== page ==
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    Q Parser improvements in QKDT

    In the article about code navigation I gave an outlook on how a complete Q Parser would improve the user experience for QKDT. Now the parser has been further developed and a couple of new features of QKDT can rely on it.
    The parser is generated with ANTLR and I will look into the details of the grammar in a follow-up article. This article is going to show the new features of QKDT driven by the parser and how QKDT integrates the parser.

    The parser drives new QKDT features

    The Outline View shows all assignments

    The Outline View now shows all assignments to variables. Assignments of functions are marked by a different label and image.

    Outline View

    The editor marks occurrences of variables

    The editor can now highlight variable assignments and references of variables. You enable this feature with the Mark Occurrences toggle button. If the current selection is a variable reference or assignment, all other references and assignments to that variable will be highlighted and marked in the editor rulers. You can configure the appearance on the preference page for annotations. A screenshot showing the Mark Occurrences feature

    Code completion suggests all variables

    Press CTRL+Space in the editor and QKDT looks for appropriate completions in the index. The result includes either a list of contexts or assignments of variables. Screenshot showing code completion in the editor

    Search with the "Open Q Assignments" Dialog

    The earlier "Open Q functions" dialog has now become more general and has been renamed to "Open Q Assignment". Now you can search for all kinds of global assignments.

    Screenshot showing the Open Q Assignment dialog

    Search from the editor

    In the editor you can search for references or declarations (i.e. assignments) of the current selection from the context menu.


    Start the following screen cast to watch a summary of the features described here.

    Screen cast: The parser drives new QKDT features

    How QKDT integrates the Parser

    After you got an impression of the features which the new parser enables, now it is time to look inside. QKDT builds on DLTK, which is the foundation of language IDEs for Ruby, Python and Javascript. The DLTK provides the abstraction of these languages. One of the main concepts of DLTK is the Common AST from which two main usages derive:

    • Building the document structure. For example, the Outline View is constructed from the Common AST.
    • Creating an index. The index enables searching and navigating.

    Note that the syntax highlighting in the editor does not need the AST: Syntax highlighting is a part of JFace and is based on Scanners provided by JFace.

    For DLTK based IDEs one of the language specific tasks is to create the Common AST from the source files. Since for many languages there are Java parsers available (e.g. JRuby) this becomes a transformation task. For Q a similar approach has been chosen: the parser creates an Eclipse agnostic Q AST first, which is later transformed into the Common AST. The advantage of this separation is that the parser can be integrated into other applications, too.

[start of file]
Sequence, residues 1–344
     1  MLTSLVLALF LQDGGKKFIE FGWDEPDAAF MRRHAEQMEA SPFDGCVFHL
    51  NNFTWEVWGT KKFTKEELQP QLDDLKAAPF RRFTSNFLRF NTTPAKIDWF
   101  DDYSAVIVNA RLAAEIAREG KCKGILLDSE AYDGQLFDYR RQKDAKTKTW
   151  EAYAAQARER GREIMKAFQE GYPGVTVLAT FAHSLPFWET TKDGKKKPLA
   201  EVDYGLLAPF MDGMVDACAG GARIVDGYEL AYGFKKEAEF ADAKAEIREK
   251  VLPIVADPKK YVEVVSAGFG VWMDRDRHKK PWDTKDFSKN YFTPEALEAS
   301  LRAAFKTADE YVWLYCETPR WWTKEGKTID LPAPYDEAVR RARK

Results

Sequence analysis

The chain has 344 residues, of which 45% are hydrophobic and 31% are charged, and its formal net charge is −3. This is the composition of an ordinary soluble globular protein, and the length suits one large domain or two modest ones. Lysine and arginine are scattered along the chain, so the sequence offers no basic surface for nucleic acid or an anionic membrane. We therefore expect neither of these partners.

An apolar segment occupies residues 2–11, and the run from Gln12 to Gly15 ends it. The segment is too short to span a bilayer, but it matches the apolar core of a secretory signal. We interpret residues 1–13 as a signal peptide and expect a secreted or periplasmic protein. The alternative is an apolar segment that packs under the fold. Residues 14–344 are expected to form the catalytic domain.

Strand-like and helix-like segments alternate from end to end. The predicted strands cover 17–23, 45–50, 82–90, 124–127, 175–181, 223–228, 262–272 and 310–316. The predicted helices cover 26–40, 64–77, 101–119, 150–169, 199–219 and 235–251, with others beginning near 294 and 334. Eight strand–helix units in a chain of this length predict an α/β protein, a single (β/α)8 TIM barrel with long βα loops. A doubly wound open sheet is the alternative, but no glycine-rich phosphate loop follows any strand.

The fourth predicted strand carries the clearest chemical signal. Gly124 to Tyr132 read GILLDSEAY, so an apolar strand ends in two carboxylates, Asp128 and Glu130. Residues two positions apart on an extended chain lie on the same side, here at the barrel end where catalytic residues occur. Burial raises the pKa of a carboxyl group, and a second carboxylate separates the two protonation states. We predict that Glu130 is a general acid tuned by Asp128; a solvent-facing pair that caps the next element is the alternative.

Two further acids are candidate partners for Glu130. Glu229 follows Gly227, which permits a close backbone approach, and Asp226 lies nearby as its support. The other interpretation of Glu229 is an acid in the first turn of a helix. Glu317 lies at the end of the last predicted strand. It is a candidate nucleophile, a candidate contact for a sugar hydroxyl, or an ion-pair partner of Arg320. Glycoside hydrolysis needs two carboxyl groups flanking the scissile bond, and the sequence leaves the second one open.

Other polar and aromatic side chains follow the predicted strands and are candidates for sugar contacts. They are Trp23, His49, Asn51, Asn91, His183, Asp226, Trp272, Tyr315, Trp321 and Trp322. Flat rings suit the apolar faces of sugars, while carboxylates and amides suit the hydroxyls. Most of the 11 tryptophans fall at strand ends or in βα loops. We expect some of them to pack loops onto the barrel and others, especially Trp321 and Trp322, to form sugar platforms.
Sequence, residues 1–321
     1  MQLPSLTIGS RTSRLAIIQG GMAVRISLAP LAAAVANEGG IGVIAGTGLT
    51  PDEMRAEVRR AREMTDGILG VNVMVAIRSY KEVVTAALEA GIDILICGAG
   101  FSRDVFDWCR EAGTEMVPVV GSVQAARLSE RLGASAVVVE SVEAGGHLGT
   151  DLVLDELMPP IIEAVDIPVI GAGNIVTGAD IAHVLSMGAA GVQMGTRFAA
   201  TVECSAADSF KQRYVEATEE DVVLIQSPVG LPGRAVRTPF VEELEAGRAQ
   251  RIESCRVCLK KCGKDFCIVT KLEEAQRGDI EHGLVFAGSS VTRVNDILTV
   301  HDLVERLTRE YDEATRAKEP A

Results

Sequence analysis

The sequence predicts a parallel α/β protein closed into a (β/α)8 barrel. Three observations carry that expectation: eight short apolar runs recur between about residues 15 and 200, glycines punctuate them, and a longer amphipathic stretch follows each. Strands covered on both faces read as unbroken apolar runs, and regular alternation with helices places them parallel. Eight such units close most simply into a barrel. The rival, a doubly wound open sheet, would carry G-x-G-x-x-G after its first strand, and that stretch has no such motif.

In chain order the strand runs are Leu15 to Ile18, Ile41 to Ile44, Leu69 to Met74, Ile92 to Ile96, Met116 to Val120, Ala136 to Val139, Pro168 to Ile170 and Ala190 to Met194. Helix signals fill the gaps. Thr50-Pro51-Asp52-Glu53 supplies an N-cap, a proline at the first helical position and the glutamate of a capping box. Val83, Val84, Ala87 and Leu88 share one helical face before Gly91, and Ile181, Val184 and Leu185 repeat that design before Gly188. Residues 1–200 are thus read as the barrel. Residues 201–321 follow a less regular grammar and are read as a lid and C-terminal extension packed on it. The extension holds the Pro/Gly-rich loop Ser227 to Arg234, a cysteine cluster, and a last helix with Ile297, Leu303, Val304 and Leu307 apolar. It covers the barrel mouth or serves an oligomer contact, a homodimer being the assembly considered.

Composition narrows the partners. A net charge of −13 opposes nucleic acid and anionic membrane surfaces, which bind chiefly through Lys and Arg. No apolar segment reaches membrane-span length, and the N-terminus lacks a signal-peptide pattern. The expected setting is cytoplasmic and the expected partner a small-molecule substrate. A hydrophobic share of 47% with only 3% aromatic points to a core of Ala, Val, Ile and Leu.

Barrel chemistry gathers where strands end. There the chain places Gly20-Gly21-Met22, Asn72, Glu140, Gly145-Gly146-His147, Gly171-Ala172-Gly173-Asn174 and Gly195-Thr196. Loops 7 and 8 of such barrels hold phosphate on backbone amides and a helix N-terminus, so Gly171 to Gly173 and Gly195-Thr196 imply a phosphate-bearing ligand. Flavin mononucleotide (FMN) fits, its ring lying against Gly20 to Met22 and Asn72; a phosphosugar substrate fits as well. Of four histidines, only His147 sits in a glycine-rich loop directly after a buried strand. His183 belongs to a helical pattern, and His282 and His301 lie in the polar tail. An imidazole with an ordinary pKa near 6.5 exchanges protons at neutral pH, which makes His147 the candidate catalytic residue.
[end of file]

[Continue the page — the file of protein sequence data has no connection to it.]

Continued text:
AST Transformation

    At the time being only a small portion of the information in the original Q AST is transformed into the Common AST. Here are the most important Common AST entries:

    • Every context introduced with \d creates a node in the AST. Assignments within a context become children of the context node.

    • Every assignment (in Q also called amend) to a global variable creates a node. This is both needed for the document structure and indexing. Assigning of functions are marked specially. This allows to highlight function assigments and provide different labels (adding []) and images. Note: if you try the current build you will find that local variables are not detected and handled as global variables.

    • Every identifier in a Q expression, whose meaning cannot further be determined, is treated as a reference to a global variable.

    Although a lot of information from the Q AST does not make it into the Common AST, the parser must recognize it in the first place. Assume the following expression:

    r: 12:30 

    If the parser did not recognize 12:30 as Minute data type, it would try to create an assignment to 12 and then bail out because 12 is not a valid identifier.

    An example transformation

    p: 0.8  / density
    r: 0.7 / reduction factor
    beers: `duff`fudd! 5.1 4.5
    widmark: { [m;e;v] v*e*p % m*r }

    In the example above the first four lines are assignments to variables. The fourth line is recognized as the assignment of a function. The function's body contains two references to the global variables p and r. The last line references the global function widmark and the global dictionary beers.

    The next article will discuss the ANTLR grammar and the Q AST more detailed.

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